"If I move, it should be to a complete, solid and permanent solution, so I just leave all of this behind. If I am going to move to another state of uncertainty, then that's the end of me.
"I know there is no perfect place in the world and I'm not looking for a perfect place. I'm looking for a place where I will be able to restart my life, an actual restart, a realistic restart."
Even if Australia offered protection without restrictions, something that would mean recognising that Sagar is not a security threat, he believes he would struggle, with every debate about asylum-seeker policy reminding him of his ordeal.
A third option - and his clear preference at this point - is that he is offered protection by some other country.
The UN refugee agency, the UNHCR, has been pursuing this option for the past two years, without luck, and says the ASIO assessment is the main barrier. "The agency is concerned about reports of Mr Sagar's declining health and urges Australia to explore alternatives to his current situation," spokeswoman Ariane Rummery said.
Lawyer Julian Burnside is pursuing a fourth option, a legal challenge to the ASIO assessment, but this could take years, so any legal solution is likely to come too late to save Sagar's mental health. Burnside sums up the treatment of Sagar and Faisal: "It's calculated cruelty."
Over a meal of chicken drumstick soup, cooked by Sagar, we discuss a fifth option. What if ASIO had to present the case against him before a retired judge, and he was able to respond to whatever was said against him?
"That would be wonderful - that would be the best, as long as it's done by a third party, not by ASIO itself," he says. "I just need to know. What is their problem with me?"
Michael Gordon is The Age's national editor.
Nauru sets record refugee visa fee
THE Nauru Government has told Australia it will have to pay a world record visa charge of more than $1.2 million a year to keep a refugee detained on the tiny, near-bankrupt island.
Nauru Foreign Minister David Adeang says the new visa fee is intended to encourage the Federal Government to find a solution for Mohammed Sagar, 30, who was rescued during the "children overboard" episode five years ago next Tuesday.
"We are doing this for humanitarian reasons," Mr Adeang said yesterday. "We continue to be concerned that there appears to be no resolution possible so far as I'm advised by the Australian Government, not in the near future anyway."
Mr Adeang declined to confirm the cost of the visa, saying the details were still a matter of negotiation. But sources said the Nauru cabinet had struck a figure of $100,000 a month, with the intention of increasing it if Mr Sagar was not resettled soon.
Mr Sagar was found to have a well-founded fear of persecution if he returned to Iraq, but received an adverse security assessment from ASIO in August last year.
He has never been told the basis of the finding and is adamant that he has done nothing to justify being considered a security threat. He has written to the Immigration Department, asking if it intends waiting until he becomes suicidal before offering a solution.
"I don't have any point to prove other than I'm a refugee. The rest is rubbish," Mr Sagar has told The Age.
In the past two weeks, many people on Nauru, including Mr Adeang, have told The Age they are baffled as to why Mr Sagar and another Iraqi, Mohammad Faisal, received adverse ASIO assessments.
Mr Faisal, 26, was evacuated to Brisbane last month because he was suicidal.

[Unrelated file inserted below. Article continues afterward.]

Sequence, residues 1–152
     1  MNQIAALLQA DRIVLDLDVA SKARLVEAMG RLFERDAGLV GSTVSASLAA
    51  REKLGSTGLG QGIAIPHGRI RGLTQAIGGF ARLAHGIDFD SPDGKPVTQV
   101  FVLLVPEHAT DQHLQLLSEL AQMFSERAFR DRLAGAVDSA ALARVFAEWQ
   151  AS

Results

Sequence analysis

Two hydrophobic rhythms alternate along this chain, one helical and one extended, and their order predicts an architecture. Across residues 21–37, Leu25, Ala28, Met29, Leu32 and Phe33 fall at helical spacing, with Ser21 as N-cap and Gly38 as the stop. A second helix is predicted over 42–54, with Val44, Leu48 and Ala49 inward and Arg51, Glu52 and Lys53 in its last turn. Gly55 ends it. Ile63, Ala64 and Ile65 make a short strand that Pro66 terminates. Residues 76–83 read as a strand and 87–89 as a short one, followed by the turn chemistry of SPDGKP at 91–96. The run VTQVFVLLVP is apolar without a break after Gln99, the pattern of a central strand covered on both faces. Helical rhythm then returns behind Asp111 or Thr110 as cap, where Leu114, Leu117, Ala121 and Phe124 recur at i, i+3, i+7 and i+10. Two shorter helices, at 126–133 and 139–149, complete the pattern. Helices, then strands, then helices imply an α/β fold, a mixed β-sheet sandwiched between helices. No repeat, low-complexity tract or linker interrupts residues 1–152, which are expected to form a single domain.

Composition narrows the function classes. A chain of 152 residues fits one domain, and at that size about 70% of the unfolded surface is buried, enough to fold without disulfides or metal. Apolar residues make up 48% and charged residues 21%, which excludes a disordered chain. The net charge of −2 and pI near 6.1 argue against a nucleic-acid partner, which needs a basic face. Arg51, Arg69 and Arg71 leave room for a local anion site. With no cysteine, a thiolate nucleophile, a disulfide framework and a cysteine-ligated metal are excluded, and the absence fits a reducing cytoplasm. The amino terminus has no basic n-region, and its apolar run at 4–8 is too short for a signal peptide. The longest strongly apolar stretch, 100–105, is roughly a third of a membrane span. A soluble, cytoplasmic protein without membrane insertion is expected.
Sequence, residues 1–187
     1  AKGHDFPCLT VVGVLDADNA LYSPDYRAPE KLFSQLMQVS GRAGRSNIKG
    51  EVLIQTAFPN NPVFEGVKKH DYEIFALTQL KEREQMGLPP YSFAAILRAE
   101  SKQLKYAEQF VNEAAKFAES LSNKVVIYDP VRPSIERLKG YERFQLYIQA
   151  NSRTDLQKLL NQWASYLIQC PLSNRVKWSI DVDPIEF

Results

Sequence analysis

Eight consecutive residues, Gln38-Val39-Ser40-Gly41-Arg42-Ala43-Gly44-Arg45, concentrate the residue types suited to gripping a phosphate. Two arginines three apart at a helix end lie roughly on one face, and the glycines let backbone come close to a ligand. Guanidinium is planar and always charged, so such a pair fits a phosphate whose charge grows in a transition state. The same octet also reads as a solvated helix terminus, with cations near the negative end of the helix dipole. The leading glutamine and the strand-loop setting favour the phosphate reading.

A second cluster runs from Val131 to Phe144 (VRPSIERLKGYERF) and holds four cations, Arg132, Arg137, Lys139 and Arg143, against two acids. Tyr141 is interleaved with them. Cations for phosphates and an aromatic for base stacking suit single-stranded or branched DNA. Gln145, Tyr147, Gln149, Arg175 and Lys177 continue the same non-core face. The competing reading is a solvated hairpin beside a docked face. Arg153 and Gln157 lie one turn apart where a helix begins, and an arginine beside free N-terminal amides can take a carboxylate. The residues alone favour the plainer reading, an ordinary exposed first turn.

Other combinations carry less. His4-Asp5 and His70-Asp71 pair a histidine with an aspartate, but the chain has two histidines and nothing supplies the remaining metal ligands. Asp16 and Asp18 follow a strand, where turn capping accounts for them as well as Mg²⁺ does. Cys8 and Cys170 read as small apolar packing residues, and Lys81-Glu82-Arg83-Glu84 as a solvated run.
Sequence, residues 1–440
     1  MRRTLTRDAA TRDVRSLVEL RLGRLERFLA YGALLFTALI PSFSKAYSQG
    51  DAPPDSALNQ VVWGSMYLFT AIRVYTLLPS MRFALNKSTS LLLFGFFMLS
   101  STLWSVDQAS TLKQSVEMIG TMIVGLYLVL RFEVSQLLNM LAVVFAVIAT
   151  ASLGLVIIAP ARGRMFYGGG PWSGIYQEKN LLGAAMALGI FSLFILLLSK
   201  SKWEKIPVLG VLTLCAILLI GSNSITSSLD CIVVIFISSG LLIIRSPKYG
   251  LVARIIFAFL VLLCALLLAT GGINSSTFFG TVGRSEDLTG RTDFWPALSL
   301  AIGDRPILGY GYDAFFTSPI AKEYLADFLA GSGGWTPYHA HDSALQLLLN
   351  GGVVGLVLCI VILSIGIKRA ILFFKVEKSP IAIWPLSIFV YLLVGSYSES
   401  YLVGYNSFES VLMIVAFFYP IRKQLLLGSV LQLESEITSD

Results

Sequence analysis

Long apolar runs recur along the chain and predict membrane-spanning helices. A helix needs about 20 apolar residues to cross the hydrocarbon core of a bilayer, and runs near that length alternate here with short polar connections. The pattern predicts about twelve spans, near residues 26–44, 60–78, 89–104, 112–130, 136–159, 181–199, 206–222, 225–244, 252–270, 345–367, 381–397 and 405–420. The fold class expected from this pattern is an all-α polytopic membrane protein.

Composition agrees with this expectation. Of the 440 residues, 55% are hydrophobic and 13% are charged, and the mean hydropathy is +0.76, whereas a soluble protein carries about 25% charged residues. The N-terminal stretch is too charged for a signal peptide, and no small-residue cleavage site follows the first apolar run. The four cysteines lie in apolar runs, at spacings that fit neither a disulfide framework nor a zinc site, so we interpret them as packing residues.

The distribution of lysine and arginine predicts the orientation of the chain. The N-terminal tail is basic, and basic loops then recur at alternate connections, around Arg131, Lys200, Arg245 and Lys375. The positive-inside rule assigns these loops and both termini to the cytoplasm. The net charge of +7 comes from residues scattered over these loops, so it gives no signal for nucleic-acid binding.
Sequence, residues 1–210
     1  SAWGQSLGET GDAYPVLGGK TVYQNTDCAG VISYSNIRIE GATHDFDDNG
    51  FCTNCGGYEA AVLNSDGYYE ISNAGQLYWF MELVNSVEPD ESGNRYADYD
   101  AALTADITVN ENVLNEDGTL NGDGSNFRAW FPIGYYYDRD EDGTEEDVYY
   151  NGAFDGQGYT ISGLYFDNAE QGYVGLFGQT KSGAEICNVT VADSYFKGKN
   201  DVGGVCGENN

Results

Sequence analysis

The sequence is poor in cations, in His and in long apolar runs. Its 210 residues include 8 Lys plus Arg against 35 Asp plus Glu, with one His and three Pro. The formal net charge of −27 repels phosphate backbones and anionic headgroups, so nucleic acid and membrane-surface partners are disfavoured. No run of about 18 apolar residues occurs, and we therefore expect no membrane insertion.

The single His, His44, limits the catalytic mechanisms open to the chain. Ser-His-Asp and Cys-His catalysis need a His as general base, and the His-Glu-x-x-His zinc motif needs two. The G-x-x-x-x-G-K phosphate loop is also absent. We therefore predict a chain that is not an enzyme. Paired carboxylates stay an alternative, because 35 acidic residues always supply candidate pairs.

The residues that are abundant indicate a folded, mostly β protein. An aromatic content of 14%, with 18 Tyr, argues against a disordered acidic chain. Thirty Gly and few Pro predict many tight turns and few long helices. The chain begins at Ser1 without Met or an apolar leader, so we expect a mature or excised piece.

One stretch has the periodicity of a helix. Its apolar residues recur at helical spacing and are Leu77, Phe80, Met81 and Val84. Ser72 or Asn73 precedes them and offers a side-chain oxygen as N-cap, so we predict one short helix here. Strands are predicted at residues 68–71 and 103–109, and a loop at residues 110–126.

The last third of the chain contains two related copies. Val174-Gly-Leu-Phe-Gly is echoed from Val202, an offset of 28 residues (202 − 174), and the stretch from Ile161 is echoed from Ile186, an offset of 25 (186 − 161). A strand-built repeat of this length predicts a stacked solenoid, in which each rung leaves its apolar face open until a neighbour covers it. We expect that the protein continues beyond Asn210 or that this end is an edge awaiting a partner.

Mr Adeang said both men were well regarded by those who had contact with them on Nauru.
Nauru recently announced a new system of charging for visas for asylum seekers sent to the island by Australia for processing, with the stated aim of encouraging the swift resettlement or return of asylum seekers once their claims for refugee status have been assessed.
The charges for the seven Burmese asylum seekers who arrived last month are $2000 each for the first 90 days, with the fee increasing by $500 every subsequent 30 days.
Mr Adeang said the fee for Mr Sagar had been struck in the hope that it would prove a "circuit-breaker" in his case.
Immigration Minister Amanda Vanstone declined to be drawn on the visa fee yesterday, saying it was a matter for discussion between the Australian and Nauru governments.
The United Nations refugee agency, the UNHCR, is continuing its efforts to find a resettlement country for Mr Sagar and Mr Faisal, but says finding any solution continues to prove difficult.
Will this man lose the will to live?
The funeral service for Olympian Peter Norman on Monday raised an intriguing question. Why is it that stories about some people capture the public imagination while others that may be just as compelling do not?
John Carlos, one of the black runners who shared the dais with Norman at the 1968 Mexico Olympics, observed that the sprinter should be as well known in Australia as Steve Irwin. Such, said Carlos, was the power of his role in their famous stand on human rights.
Yet while the image of the barefoot Tommie Smith and Carlos giving that black power salute is considered one of the most influential of the 20th century, the story of Norman's role in the protest is unknown to a great many Australians.
"You guys have lost of great soldier," remarked Carlos. "Go and tell your kids the story of Peter Norman."
A similar point can be made about Mohammed Sagar, an Iraqi refugee who has been detained offshore since he was rescued five years ago yesterday in the "children overboard" episode, and David Hicks.
While Hicks' detention without trial on Guantanamo Bay has, quite rightly, prompted expressions of outrage from a cross-section of Australians, from church leaders to former prime ministers, Sagar's situation has gone largely unremarked.
Of course, Sagar has not endured anything like the conditions that have been inflicted upon Hicks for 41/2 years and he is not an Australian. But his situation should alarm Australians who believe in notions of natural justice, the rule of law, compassion and a fair go.